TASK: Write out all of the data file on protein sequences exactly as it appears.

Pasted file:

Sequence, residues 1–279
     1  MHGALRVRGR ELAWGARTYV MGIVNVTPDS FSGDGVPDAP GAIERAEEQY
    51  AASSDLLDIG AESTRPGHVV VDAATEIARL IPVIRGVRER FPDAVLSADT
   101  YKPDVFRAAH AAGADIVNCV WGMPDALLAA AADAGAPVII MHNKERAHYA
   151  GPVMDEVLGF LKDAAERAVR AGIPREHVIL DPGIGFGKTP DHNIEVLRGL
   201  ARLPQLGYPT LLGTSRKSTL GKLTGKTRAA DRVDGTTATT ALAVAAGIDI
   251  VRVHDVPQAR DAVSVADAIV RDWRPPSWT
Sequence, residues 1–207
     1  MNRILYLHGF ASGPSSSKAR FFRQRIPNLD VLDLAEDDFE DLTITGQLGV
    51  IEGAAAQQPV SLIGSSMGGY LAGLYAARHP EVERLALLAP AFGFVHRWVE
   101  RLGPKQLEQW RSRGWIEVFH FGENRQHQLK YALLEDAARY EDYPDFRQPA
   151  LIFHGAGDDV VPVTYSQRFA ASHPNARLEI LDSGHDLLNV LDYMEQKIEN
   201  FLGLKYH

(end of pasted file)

Sequence, residues 1–279
     1  MHGALRVRGR ELAWGARTYV MGIVNVTPDS FSGDGVPDAP GAIERAEEQY
    51  AASSDLLDIG AESTRPGHVV VDAATEIARL IPVIRGVRER FPDAVLSADT
   101  YKPDVFRAAH AAGADIVNCV WGMPDALLAA AADAGAPVII MHNKERAHYA
   151  GPVMDEVLGF LKDAAERAVR AGIPREHVIL DPGIGFGKTP DHNIEVLRGL
   201  ARLPQLGYPT LLGTSRKSTL GKLTGKTRAA DRVDGTTATT ALAVAAGIDI
   251  VRVHDVPQAR DAVSVADAIV RDWRPPSWT
Sequence, residues 1–207
     1  MNRILYLHGF ASGPSSSKAR FFRQRIPNLD VLDLAEDDFE DLTITGQLGV
    51  IEGAAAQQPV SLIGSSMGGY LAGLYAARHP EVERLALLAP AFGFVHRWVE
   101  RLGPKQLEQW RSRGWIEVFH FGENRQHQLK YALLEDAARY EDYPDFRQPA
   151  LIFHGAGDDV VPVTYSQRFA ASHPNARLEI LDSGHDLLNV LDYMEQKIEN
   201  FLGLKYH